OP PARENTAL WORRIES: LOW SELF-ESTEEM, UNHAPPINESS AND BULLYING Families not getting the support they need. Spurgeons urges government, charities, schools and GPs to respond
Almost half of the parents worry their children have low self-esteem/ are unhappy (46%) or are being bullied (46%)* according to a report published today (5 July 2017), and not enough is being done to help.
The Parent Report, produced by the charity Spurgeons, which has been working with disadvantaged and vulnerable children for 150 years, paints a picture of a society in which youngsters are struggling, parents are increasingly anxious, and there is little support for the many families that need it. The research amongst parents with children under the age of 18 shows:
- One in five (20%) young parents (aged 18-24) worry about the prospect of their child self-harming or feeling suicidal*
- 42% of parents think there is little to no support available from statutory, community or voluntary services to help with family challenges like divorce and conflict, and the number is highest amongst parents who are separated or divorced (56%)
- Only a third (34%) of parents have ever used a support group or social care service for their children
- Only one in 10 (10%) would turn to a children’s charity for support on any issues affecting their children
- Parents are more concerned that their children are satisfied with their life (62%) than have a steady income (17%) or own their own home (8%)**
Spurgeons Chief Executive Ross Hendry says:
“This research shows that parents of all ages and backgrounds are concerned for their children. And many of the most vulnerable are struggling the most. This is true across society. But for youngsters facing challenges, who are caring for a relative or who have a parent in prison, it’s much worse. These are the families we work with, day in, day out and the need for services like ours is increasing.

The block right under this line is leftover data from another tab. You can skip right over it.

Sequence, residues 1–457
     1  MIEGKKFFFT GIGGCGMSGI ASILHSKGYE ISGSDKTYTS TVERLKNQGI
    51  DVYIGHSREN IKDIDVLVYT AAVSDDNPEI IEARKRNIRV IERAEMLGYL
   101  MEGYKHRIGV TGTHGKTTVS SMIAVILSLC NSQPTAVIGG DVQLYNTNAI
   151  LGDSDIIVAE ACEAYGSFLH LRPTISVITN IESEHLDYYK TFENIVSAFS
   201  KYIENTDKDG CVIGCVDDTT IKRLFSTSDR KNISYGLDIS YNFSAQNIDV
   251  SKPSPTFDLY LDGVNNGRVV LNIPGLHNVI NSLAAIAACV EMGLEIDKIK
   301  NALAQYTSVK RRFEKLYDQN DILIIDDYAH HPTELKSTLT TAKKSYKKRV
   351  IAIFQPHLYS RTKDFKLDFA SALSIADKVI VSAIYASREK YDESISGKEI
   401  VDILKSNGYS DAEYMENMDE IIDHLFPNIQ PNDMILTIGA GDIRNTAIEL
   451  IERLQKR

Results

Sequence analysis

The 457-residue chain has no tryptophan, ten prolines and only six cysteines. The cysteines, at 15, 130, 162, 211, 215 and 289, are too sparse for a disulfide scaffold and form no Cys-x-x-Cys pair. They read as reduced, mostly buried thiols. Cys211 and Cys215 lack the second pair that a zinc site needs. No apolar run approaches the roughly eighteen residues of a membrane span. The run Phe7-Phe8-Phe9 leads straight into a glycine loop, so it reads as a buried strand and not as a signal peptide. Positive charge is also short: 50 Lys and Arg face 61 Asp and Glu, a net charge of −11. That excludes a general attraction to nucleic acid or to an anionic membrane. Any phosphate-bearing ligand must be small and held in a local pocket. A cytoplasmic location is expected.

“What’s important is that families get the support they need when they need it. The good news is that there is support out there, through a range of different organisations and services. But it is clear that we must all – government, charities, schools and GPs included – do more to let people know where they can turn, and for what support, so every child can look to the future with a sense of hope.”
Emma Grech (29) from Wiltshire is mum to four year-old Theo. They came across Spurgeons when Theo was having problems with his behaviour, but it took three years to get the support they needed:
“As a parent, the thought of your child being unhappy or having low self-esteem is your worst nightmare. Having been bullied myself I know it’s something that affects you throughout your life. Theo was starting pre-school but struggled to socialise, he wet himself regularly, and I worried he would be picked on by other children. My GP referred me to a health visitor, but after four cancelled appointments I turned to Theo’s pre-school for help. They sent me to the Spurgeons run Children’s Centre.
“Now we go to the Little Learners group where we play with other families and my support worker helps me with techniques for managing Theo’s behavior, which has improved already. She also got a referral to see if he has ADHD. Spurgeons was there when I had nowhere else to turn and because of their help I’m less anxious and more hopeful about Theo’s future.”
The Parent Report can be downloaded at www.spurgeons.org.
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About the research
All figures, unless otherwise stated, are from YouGov Plc. Total sample size was 1,842 GB parents with children under 18 years of age. Fieldwork was undertaken between 21st – 27 April 2017. The survey was carried out online. The figures have been weighted and are representative of all GB adults (aged 18+).
* When asked about the three issues they are most concerned about for their children, either now or in the future.
** When asked about the three biggest hopes/ aspirations they had for their child(ren)’s future.
About The Parent Report
The Parent Report, produced to mark Spurgeons’ 150th anniversary, looks at parents’ hopes and aspirations for their children, as well as their concerns and where they turn for help. The full report can be downloaded at www.spurgeons.org.
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